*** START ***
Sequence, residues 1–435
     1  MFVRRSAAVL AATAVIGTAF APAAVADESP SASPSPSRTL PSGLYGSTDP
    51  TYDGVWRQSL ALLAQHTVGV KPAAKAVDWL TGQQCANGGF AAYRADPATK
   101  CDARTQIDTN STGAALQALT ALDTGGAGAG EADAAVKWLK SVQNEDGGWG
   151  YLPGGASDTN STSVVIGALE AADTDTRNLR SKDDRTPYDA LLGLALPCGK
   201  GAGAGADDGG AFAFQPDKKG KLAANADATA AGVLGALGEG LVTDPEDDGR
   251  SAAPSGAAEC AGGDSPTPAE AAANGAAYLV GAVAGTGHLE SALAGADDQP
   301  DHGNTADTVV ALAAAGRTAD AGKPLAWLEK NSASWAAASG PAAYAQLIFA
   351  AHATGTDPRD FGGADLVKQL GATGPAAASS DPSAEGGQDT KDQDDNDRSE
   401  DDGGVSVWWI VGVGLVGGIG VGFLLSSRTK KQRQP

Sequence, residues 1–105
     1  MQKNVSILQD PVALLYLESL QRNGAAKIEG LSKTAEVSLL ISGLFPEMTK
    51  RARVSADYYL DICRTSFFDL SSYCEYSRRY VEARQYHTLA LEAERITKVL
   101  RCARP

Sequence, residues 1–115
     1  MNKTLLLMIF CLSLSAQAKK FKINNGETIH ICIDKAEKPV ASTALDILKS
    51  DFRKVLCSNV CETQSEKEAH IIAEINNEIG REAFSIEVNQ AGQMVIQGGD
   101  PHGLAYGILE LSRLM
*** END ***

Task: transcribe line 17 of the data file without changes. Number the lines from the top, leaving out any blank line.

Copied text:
    51  DFRKVLCSNV CETQSEKEAH IIAEINNEIG REAFSIEVNQ AGQMVIQGGD